What you hear could depend on what your hands are doing
New research links motor skills and perception, specifically as it relates to a second finding—a new understanding of what the left and right brain hemispheres "hear." Georgetown University Medical Center researchers say these findings may eventually point to strategies to help stroke patients recover their language abilities, and to improve speech recognition in children with dyslexia.
The study, presented at Neuroscience 2012, the annual meeting of the Society for Neuroscience, is the first to match human behavior with left brain/right brain auditory processing tasks. Before this research, neuroimaging tests had hinted at differences in such processing.
"Language is processed mainly in the left hemisphere, and some have suggested that this is because the left hemisphere specializes in analyzing very rapidly changing sounds," says the study's senior investigator, Peter E. Turkeltaub, M.D., Ph.D., a neurologist in the Center for Brain Plasticity and Recovery. This newly created center is a joint program of Georgetown University and MedStar National Rehabilitation Network.
Turkeltaub and his team hid rapidly and slowly changing sounds in background noise and asked 24 volunteers to simply indicate whether they heard the sounds by pressing a button.
"We asked the subjects to respond to sounds hidden in background noise," Turkeltaub explained. "Each subject was told to use their right hand to respond during the first 20 sounds, then their left hand for the next 20 second, then right, then left, and so on." He says when a subject was using their right hand, they heard the rapidly changing sounds more often than when they used their left hand, and vice versa for the slowly changing sounds.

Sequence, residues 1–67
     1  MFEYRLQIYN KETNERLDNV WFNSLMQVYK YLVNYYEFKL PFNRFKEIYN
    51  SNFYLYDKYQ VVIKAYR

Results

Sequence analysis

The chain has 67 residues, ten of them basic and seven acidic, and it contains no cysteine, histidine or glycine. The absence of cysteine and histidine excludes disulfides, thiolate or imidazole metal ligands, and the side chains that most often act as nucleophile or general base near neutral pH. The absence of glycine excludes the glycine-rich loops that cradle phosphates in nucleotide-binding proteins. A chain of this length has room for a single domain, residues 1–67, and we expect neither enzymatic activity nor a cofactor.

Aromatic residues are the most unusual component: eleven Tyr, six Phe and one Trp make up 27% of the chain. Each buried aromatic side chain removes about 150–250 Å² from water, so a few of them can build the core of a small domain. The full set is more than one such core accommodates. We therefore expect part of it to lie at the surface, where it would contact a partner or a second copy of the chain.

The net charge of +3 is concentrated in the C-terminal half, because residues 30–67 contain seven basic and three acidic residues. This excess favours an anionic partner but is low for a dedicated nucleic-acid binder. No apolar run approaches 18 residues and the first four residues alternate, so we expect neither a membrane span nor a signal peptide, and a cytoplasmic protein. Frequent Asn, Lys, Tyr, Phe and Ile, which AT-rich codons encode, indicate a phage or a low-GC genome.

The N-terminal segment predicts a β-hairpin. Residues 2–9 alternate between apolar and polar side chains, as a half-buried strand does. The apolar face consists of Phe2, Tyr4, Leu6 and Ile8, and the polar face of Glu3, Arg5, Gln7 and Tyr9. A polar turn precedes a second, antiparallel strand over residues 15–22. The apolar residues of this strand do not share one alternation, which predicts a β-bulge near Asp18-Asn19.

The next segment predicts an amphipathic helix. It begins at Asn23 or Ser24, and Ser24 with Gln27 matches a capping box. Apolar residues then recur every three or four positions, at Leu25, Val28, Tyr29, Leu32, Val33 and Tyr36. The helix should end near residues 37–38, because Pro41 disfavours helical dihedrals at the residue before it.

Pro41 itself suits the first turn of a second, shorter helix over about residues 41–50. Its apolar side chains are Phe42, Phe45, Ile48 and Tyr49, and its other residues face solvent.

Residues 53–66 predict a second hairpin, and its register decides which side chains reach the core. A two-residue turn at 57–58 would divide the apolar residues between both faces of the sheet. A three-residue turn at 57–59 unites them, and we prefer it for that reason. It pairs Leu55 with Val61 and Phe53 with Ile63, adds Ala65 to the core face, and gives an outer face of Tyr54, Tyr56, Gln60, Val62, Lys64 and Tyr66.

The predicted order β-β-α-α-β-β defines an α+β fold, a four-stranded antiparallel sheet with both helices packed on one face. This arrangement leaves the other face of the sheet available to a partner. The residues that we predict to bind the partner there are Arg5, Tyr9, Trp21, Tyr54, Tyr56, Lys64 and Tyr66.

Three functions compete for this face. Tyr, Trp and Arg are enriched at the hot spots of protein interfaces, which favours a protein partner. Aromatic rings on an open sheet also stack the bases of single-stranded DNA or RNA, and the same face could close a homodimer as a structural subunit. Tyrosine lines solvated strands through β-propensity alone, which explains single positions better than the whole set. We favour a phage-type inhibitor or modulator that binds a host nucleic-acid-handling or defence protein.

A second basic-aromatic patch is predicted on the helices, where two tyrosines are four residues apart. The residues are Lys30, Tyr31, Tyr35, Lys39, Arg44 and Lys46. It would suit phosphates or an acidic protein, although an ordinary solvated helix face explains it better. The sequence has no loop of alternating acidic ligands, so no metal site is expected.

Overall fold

"Since the left hemisphere controls the right hand and vice versa, these results demonstrate that the two hemispheres specialize in different kinds of sounds—the left hemisphere likes rapidly changing sounds, such as consonants, and the right hemisphere likes slowly changing sounds, such as syllables or intonation," Turkeltaub explains. "These results also demonstrate the interaction between motor systems and perception. It's really pretty amazing. Imagine you're waving an American flag while listening to one of the presidential candidates. The speech will actually sound slightly different to you depending on whether the flag is in your left hand or your right hand."
Ultimately, Turkeltaub hopes that understanding the basic organization of auditory systems and how they interact with motor systems will help explain why language resides in the left hemisphere of the brain, and will lead to new treatments for language disorders, like aphasia (language difficulties after stroke or brain injury) or dyslexia.
"If we can understand the basic brain organization for audition, this might ultimately lead to new treatments for people who have speech recognition problems due to stroke or other brain injury. Understanding better the specific roles of the two hemispheres in auditory processing will be a big step in that direction. If we find that people with aphasia, who typically have injuries to the left hemisphere, have difficulty recognizing speech because of problems with low-level auditory perception of rapidly changing sounds, maybe training the specific auditory processing deficits will improve their ability to recognize speech," Turkeltaub concludes.